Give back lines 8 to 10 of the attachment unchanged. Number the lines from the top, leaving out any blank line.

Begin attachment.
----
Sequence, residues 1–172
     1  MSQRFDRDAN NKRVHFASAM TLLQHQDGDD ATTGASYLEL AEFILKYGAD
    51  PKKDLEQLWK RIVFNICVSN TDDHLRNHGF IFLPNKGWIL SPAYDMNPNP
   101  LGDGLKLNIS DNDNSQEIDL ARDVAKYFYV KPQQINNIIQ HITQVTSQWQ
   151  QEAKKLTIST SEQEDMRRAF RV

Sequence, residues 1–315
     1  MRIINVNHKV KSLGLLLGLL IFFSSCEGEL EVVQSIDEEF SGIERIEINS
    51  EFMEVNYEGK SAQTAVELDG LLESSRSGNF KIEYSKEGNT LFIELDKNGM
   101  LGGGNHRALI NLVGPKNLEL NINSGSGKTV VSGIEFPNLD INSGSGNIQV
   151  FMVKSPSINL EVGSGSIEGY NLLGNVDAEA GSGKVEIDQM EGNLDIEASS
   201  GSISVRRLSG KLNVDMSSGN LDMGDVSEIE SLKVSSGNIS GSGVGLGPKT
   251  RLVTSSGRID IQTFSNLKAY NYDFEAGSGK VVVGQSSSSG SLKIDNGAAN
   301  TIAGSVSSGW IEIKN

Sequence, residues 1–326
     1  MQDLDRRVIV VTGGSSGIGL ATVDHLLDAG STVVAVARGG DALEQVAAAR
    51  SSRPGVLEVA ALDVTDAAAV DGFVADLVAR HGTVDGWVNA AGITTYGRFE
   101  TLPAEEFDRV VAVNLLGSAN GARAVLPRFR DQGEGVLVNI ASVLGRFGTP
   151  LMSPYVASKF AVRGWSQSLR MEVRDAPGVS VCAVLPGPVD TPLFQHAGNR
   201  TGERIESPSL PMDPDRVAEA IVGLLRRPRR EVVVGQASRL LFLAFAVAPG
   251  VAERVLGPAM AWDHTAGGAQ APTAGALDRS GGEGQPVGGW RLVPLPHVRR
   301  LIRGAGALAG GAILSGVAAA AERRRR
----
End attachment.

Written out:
    51  EFMEVNYEGK SAQTAVELDG LLESSRSGNF KIEYSKEGNT LFIELDKNGM
   101  LGGGNHRALI NLVGPKNLEL NINSGSGKTV VSGIEFPNLD INSGSGNIQV
   151  FMVKSPSINL EVGSGSIEGY NLLGNVDAEA GSGKVEIDQM EGNLDIEASS